I haven't done that much work since I was paddling! Unfortunately, because I haven't done much exercise lately, I wasn't able to quite finish de-thatching everything and Ian had to finish. Even though he only worked for an extra 20 minutes or so after I stopped, I knew that if I hadn't stopped I would have crossed the line into overdoing it and I would have paid for it for the next week. I'm proud of what I accomplished today. Afterwards I had a lovely long, hot bath to soak my muscles.

It's going to be nice this week so I plan to take Gozer out for an afternoon walk. It'll be good for her chubby bum as well as mine. And maybe next weekend I'll be able to do some physical work in the yard again - after fully recovering from this weekend, I expect (ok, I hope) to have more stamina.

Wednesday, September 05, 2012

Everyone gets a new diet in our house

For the last couple of months we've known that Gozer had gained weight. We were feeding her the recommended amount and she still gets two walks per day but for some reason her weight has been increasing.

How much has it increased? She went from just under 20 pounds in the spring to 25.8(!) today. In other words, she's increased her body weight by over 25% in just a few months. That's a huge weight gain for a person, let alone a dog. I knew she was bigger but I didn't know that she was that much bigger. I don't think she's obese because I can see her waist from the side although I can't see it from above and I can't feel her ribs without pressing hard into her sidess.

Gozer is going to be groomed on Friday and because she's over 25 pounds I think she'll be considered a medium instead of a small dog as 25 pounds is the cutoff. Of course it costs more to groom a medium-sized dog because they require more handling.

Tomorrow I'm also going to call and make an appointment for Gozer to see the vet. Clearly she's going to need to reduce her weight and I need to get some hints for that. I also need to be sure that she doesn't have some condition that's causing her to gain weight. She's gained the weight so fast for no real reason that I can see that I'm a bit concerned.

Tuesday, September 04, 2012

Doctor's appointments

Today we got to visit some doctors.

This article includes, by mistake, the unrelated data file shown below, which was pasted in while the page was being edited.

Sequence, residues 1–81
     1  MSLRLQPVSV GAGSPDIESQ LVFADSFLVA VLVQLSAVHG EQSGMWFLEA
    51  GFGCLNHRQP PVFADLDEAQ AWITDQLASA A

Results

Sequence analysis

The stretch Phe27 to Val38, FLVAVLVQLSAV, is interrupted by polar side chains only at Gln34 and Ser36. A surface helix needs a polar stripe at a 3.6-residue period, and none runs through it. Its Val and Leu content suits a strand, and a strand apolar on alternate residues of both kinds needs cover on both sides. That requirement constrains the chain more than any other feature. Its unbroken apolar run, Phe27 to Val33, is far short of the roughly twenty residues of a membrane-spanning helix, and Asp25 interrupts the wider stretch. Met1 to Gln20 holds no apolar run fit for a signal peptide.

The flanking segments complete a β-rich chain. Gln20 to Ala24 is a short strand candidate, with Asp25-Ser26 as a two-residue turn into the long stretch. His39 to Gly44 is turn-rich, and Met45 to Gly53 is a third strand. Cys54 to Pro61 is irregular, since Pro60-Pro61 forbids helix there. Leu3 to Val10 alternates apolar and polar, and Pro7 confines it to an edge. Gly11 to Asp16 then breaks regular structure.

Both Ian and I were called in to see our family doctor about our cholesterol results. Fortunately, the rest of both our bloodwork was fine but he has issues with the cholesterol levels. My HDL (good cholesterol) was 1.92, my LDL (bad cholesterol) was 4.81, and the ratio of my total cholesterol over HDL is 3.7. Because my dad had a heart attack at 39 and died after surgery to correct serious vascular issues in his legs I'm considered to be at high risk for heart problems and a ratio of 3.7 is getting to be too high. I think that the ratio should be under 4.0 - which mine is - but it's gone up since the last time I had the cholesterol tested.

Ian has different numbers and other factors and his cholesterol has to come down, too. Our family doctor gave Ian some new medication but he doesn't want to give me yet another medication. Therefore, we have to make some dietary changes: more fruits and vegetables, no more ice cream (including Blizzards and McFlurries), no more high-fat foods, no more fries and chicken fingers for dinner.

We'll be getting our cholesterol checked again in about six weeks to see if the steps we're taking are having an effect. I hope that the change in diet works that quickly.

After seeing our family doctor I had a biopsy done on the the skin on my breast. A new spot has actually shown up at the end of my collarbone on the left side; he looked at it but he decided to focus on the breast skin. As he was looking at the area to figure out where to do the biopsy, he asked if I had any kind of implant. Ummm, no - if I did, I'd have made that breast bigger to be more like the other one instead of walking around with one normal boob and one mini-boob. Apparently the changes to the skin have somehow made the breast feel like I've got implants.

The doctor was really good especially when it came to dealing with me. I'd been nervous all day and when I laid on the thingy I started to get a very woogly back and had trouble staying still. Mostly it was the thought of feeling him do the biopsy and put in the stitches that was making my back all woogly so I tried to do some breathing and focusing on other senses. It mostly worked and I was able to stay more still. I did not think about beetles crawling on my skin, as Ian suggested afterwards, because that's kind of what the woogly feeling is like.

The doctor put in two stitches which will come out in two weeks when I go back for the pathology results. If the results are inconclusive then he'll do another biopsy. I don't exactly know what kind of biopsy he did but he was worried about puncturing an implant (hence the question about implants above) so I think he took a fairly large sample.

Thursday, August 23, 2012

Great news.. and sad news